Boot Process of the GCW0, RG350 and similar devices
The GCW0 as well as the RG350 are small handheld retro emulation and homebrew devices running the OpenDingux operating system. Although the RG350 was released 6 years after the GCW0, they both use the exact same Ingenic JZ4770 SoC. This post focuses on how the RG350's system image is structured, how the JZ4770 loads data from it and how it ultimately jumps to the OpenDingux Linux kernel.
System Image Layout
The layout of the system image looks as follows:
|First Stage Bootloader|
|System image (containing the Kernel)|
|Data image (containing the rootfs)|
When the JZ4770 is powered up, it first start executing it's Boot ROM. The Boot ROM reads the boot select pins and determines on the RG350 that it's supposed to boot from an MMC device, here an SD card.
The Boot ROM proceedes by copying the first 0x2000 bytes on the SD card into the SoCs dcache and deinitializing the MMC interface again. To validate if the read data is correct, the Boot ROM skips past the MBR, right to the first stage bootloader, and checks for the magic value
MSPL. If valid, the 0x2000 bytes previously loaded into dcache are copied into icache where the Boot ROM jumps into. This is possible due to the unique fact that the JZ4770s cache is mapped into the address space at address
MBR and bootstrapper
The data found in the icache now is the MBR immediately followed by the first stage bootloader and the Program Counter now points to address
0x8000'0000. This is the start of the MBR which looks as follows in memory.
The MBR starts with the so called bootstrap code. A 440 bytes section containing code to setup the environment and jump into the actual first stage bootloader. On the GCW0 and the RG350, this is one instruction:
80 00 00 10 which is the MIPS instruction
B PC+#0x204 which jumps past the MBR (0x200 bytes) and the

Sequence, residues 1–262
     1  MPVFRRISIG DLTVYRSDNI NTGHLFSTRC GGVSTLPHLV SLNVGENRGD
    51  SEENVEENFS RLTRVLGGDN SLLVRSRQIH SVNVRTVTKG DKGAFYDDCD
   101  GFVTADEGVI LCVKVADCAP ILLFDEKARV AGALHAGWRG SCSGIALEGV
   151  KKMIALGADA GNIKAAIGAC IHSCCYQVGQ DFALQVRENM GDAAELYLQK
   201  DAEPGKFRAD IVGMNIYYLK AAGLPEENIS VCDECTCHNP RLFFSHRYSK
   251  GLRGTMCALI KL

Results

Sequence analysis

MSPL magic (4 bytes). Congratulations, we're now in our bootloader!
In red, the branch instruction is shown, in blue the
MSPL magic in little endian.
Bootloader startup code
The first thing the bootloader does is disabling all interrupts and clearing their flags. This is important since in the current state, interrupts cannot be handled and would cause the processor to jump to invalid addresses. They will be later on reenabled in the linux kernel. Next the stack is setup by initializing the stack pointer to point to a free area in memory. This is necessary to properly support C function calls and variables and the next step: the jump to
Execution now has reached the actual loader code of the bootloader. First, the MBR, which still can be found at address
0x8000'0000 in the memory mapped dcache, is parsed in order to find the offsets and sizes of the linux kernel and rootfs partitions. The MMC interface is then once again initialized and reads the linux kernel from the SD card into
KSEG1. This is a 512MB region in memory which does not allow for caching. This is very important as the currently executed code still lives inside dcache and icache. This means any read or write to a region that supports caching would trash the cache causing the bootloader to be overwritten with garbage data and so corrupting the boot environment.
Once the linux kernel is loaded into memory, the linux configuration struct is setup so Linux later on for example knows where to load the rootfs from. After this, the bootloader is done and can jump to the address the kernel was loaded at via a function call that passes in the kernel parameter config struct.
The rest of the boot process is now the same as on any other linux system and is described very thoroughly here.
- pcercuei for answering many of my questions about the system
- circuits for answering many more of my questions and providing a pretty title image for this post
- All the nice people on the Retro Gaming Handhelds Discord for being awesome to talk to